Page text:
Trying to raise funds was, as Harrison remembers it, "extremely daunting." He was an artist, not an entrepreneur. Still, he and Renfrew managed to sell shares in their newly formed company, mostly to under-30 types in both the Internet and rave communities. He made his investors limited partners, with no creative say in how the film was made. Most people invested money, though some donated office space and equipment in return for profit participation.
Despite being novices at going after venture capital, the two partners managed to raise what turned out to be the budget for the movie--$200,000--in a year's time. (P.S. The investors later realized a profit of about 43 percent before the film even hit theaters.)
With the money in place, casting was carried out in Los Angeles and San Francisco. The young performers, including Lola Glaudini (NYPD Blue), Rachel True (The Craft), Denny Kirkwood (Never Been Kissed), and newcomers MacKenzie Forgens and Hamish Linklater have received uniformly good reviews. Extras were pulled right out of the local rave milieu and were paid in pizza. The internationally famous deejays--Wish FM, John Digweed, Polywog--all played themselves.
Making Groove in AugustSeptember of 1999 was a well-planned, tightly scheduled adventure. Main photography was completed in just 24 days. "In general, independent filmmaking is like a war," Harrison maintains, "and 24 days doesn't afford you a lot of leisure time." All the scenes were storyboarded ahead of time, and shots were executed as quickly as possible, often in one or two takes--not easy when most of the cast were not professional actors.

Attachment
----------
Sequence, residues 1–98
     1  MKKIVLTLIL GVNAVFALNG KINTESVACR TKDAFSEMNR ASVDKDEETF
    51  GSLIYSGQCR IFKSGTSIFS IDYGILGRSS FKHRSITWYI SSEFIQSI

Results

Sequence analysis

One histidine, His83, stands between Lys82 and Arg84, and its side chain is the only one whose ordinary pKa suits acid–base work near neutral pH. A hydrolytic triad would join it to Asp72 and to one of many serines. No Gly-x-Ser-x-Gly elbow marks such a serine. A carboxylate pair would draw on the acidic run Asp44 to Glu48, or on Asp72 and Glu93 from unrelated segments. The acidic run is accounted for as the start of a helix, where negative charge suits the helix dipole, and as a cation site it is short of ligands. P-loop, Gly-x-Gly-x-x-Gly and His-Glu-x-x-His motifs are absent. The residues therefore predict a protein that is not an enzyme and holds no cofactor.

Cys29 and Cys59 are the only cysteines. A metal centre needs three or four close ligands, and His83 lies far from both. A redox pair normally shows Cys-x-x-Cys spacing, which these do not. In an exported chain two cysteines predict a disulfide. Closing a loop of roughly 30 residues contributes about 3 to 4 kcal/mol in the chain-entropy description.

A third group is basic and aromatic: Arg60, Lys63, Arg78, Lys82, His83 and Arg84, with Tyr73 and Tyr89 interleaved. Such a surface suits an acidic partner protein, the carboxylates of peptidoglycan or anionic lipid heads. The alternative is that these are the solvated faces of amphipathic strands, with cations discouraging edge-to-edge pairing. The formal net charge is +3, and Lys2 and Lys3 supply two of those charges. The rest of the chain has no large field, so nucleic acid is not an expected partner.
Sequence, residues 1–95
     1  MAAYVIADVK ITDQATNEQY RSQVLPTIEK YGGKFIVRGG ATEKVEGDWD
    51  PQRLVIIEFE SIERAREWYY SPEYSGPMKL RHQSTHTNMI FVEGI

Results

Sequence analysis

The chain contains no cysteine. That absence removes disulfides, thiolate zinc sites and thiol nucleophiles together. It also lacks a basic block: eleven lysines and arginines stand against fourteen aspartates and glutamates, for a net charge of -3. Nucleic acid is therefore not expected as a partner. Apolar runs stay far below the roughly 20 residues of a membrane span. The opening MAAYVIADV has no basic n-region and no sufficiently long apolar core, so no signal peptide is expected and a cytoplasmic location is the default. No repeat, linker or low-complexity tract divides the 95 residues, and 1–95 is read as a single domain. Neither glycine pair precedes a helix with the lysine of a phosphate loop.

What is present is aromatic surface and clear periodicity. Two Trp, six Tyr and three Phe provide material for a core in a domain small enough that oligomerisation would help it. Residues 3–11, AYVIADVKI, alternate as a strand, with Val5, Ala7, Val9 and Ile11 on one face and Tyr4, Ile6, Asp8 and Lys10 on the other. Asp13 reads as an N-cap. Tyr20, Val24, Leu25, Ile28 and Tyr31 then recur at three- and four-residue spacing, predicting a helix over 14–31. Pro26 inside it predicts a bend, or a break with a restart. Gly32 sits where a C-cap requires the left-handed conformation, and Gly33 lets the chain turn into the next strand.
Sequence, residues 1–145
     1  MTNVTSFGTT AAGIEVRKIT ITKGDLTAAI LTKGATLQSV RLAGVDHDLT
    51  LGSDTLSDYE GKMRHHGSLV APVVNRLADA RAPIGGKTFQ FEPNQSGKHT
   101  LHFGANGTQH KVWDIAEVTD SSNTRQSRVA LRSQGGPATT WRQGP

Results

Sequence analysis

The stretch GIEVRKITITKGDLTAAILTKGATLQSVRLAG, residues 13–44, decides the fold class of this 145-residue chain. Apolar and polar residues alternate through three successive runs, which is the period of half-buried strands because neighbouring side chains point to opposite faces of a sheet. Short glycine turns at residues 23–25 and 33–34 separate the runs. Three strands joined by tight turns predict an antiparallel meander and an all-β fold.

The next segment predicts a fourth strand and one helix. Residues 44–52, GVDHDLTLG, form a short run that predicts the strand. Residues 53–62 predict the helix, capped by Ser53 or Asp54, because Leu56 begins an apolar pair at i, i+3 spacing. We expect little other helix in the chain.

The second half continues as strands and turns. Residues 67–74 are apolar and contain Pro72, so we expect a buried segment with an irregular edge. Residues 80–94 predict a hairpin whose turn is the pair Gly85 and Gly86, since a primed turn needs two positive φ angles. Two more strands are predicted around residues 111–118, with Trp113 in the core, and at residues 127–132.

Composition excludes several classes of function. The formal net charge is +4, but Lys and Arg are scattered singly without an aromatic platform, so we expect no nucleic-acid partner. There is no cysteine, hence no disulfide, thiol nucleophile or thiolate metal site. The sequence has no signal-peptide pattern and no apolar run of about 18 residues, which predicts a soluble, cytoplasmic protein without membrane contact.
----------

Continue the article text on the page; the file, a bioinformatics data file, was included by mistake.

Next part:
Remarkably, there were few logistical problems during shooting. But one incident happened a mere two days before production began: Almost the entire wardrobe for the 20-person cast was stolen from the warehouse set (Pier One at Fort Mason). Ironically, as Harrison was telling two of his cast members that rehearsals would have to be postponed because of the theft, they informed him they'd just been offered clothing for sale--including some of their own costumes for the film!-- in the Haight-Ashbury District. Police quickly recovered the missing wardrobe from the used clothing stores and got the names and addresses of the thieves as well.
On the second day of shooting, what Harrison describes as "a very San Francisco event" occurred. An earthquake shook the building, shutting down production for half a day. Ever the filmmaker, Harrison laughs, "I was half hoping the camera was rolling at the time. But unfortunately we were between takes."
Besides Pier One, his crew shot on Fillmore Street, China Basin, and for four hours on the Bay Bridge. They also captured a slice of Noe Valley.
"I really wanted somebody in the film to be from Noe Valley," says Harrison, so he created two characters who would get lost trying to find the rave site. The exterior of their apartment was shot near Chloe's Cafe, at the corner of 26th and Church streets.
In addition to the staged scenes, Harrison and cinematographer Matthew Irving did some guerrilla-style shooting on their own. One night they grabbed a shot of a partygoer on the Muni underground carrying a huge, mirrored disco ball.
"Going to raves is a very urban experience," says Harrison, "and there's a certain color palette, which I've noticed when sneaking around the city at night, that comes from the sodium vapor streetlights." All the night exteriors were lit with gelled lights that simulated the warm, orangeish glow of the streetlights.